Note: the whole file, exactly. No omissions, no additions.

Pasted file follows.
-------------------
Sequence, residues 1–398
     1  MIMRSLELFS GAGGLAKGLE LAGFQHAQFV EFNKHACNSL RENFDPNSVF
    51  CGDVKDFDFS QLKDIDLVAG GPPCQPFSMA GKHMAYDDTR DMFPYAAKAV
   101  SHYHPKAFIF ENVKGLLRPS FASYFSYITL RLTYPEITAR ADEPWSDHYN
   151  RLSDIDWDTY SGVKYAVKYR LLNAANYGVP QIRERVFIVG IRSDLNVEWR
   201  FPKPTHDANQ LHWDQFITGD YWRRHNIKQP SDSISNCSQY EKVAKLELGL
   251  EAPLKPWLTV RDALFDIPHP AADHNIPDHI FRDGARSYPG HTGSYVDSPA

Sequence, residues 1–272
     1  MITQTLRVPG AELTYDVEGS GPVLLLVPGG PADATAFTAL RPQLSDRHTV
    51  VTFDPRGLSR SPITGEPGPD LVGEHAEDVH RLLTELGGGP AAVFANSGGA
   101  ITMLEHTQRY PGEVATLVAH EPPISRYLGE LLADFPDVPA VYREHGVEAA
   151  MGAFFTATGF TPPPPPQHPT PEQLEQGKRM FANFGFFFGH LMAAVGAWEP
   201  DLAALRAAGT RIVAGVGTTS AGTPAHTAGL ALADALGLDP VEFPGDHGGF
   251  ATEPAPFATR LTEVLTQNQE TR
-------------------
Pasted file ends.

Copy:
Sequence, residues 1–398
     1  MIMRSLELFS GAGGLAKGLE LAGFQHAQFV EFNKHACNSL RENFDPNSVF
    51  CGDVKDFDFS QLKDIDLVAG GPPCQPFSMA GKHMAYDDTR DMFPYAAKAV
   101  SHYHPKAFIF ENVKGLLRPS FASYFSYITL RLTYPEITAR ADEPWSDHYN
   151  RLSDIDWDTY SGVKYAVKYR LLNAANYGVP QIRERVFIVG IRSDLNVEWR
   201  FPKPTHDANQ LHWDQFITGD YWRRHNIKQP SDSISNCSQY EKVAKLELGL
   251  EAPLKPWLTV RDALFDIPHP AADHNIPDHI FRDGARSYPG HTGSYVDSPA

Sequence, residues 1–272
     1  MITQTLRVPG AELTYDVEGS GPVLLLVPGG PADATAFTAL RPQLSDRHTV
    51  VTFDPRGLSR SPITGEPGPD LVGEHAEDVH RLLTELGGGP AAVFANSGGA
   101  ITMLEHTQRY PGEVATLVAH EPPISRYLGE LLADFPDVPA VYREHGVEAA
   151  MGAFFTATGF TPPPPPQHPT PEQLEQGKRM FANFGFFFGH LMAAVGAWEP
   201  DLAALRAAGT RIVAGVGTTS AGTPAHTAGL ALADALGLDP VEFPGDHGGF
   251  ATEPAPFATR LTEVLTQNQE TR